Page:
Japan, N. Korea open bilateral talks on abductions

Japan and North Korea have begun bilateral talks in Mongolia that Tokyo hopes will shed light on a series of decades-old abductions.

The talks in Ulan Bator are scheduled to last through Friday. In August, lower-level negotiators from the two countries held their first bilateral talks in four years, but made little progress.

Japan wants information on the abductions of Japanese citizens by North Korean agents in the 1970s and `80s. Japan believes at least one abductee may still be alive and in the North, though North Korea denies this. Five abductees were returned to Japan in 2002.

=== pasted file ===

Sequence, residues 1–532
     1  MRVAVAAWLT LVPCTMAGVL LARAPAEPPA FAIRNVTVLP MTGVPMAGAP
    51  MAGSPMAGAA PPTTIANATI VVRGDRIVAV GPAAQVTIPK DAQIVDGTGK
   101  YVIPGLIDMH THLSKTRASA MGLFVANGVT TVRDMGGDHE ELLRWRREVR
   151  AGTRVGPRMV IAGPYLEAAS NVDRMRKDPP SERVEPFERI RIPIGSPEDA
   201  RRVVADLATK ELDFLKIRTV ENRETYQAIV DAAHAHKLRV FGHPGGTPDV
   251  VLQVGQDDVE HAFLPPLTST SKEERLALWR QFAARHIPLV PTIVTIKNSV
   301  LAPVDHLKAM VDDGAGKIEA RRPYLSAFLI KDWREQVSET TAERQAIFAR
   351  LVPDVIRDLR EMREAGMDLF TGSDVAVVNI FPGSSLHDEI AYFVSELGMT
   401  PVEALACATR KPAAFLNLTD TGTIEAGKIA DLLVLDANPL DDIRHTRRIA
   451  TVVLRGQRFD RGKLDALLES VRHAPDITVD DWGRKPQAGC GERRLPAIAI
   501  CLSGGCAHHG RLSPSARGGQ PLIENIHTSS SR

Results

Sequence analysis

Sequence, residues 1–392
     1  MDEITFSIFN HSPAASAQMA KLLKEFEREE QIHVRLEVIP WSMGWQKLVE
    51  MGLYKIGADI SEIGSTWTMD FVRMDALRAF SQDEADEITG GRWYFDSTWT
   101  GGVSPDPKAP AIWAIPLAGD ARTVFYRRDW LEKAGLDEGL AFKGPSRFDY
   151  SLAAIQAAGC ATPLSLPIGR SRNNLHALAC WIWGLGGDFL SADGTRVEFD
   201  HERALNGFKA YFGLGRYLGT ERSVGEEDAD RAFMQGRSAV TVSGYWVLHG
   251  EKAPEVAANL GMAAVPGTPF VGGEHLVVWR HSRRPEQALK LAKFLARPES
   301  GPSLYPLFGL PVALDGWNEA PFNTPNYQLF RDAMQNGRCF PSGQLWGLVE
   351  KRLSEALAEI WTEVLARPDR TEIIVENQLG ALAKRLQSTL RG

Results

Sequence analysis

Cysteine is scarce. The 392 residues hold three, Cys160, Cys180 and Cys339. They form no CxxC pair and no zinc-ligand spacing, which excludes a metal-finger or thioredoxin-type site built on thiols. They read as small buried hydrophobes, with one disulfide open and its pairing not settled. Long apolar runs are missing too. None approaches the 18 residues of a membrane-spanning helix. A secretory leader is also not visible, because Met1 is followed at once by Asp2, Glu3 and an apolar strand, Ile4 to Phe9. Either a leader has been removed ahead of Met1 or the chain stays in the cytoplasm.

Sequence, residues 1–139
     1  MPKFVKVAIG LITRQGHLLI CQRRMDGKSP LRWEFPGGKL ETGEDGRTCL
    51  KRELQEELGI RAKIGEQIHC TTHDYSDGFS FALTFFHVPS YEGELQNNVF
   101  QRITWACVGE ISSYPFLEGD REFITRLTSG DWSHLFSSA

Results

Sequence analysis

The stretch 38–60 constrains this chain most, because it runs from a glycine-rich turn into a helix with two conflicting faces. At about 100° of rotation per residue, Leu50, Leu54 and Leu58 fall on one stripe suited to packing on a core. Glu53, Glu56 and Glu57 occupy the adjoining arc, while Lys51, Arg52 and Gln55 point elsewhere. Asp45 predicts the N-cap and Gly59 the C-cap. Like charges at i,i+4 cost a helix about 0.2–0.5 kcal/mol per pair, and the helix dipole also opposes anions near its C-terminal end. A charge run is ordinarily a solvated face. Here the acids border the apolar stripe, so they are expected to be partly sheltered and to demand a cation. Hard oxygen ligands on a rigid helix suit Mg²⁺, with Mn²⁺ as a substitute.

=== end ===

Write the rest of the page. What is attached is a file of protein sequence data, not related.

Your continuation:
Japan and North Korea do not have formal diplomatic relations. The abduction issue and concerns over North Korea's nuclear and missile programs have long strained ties.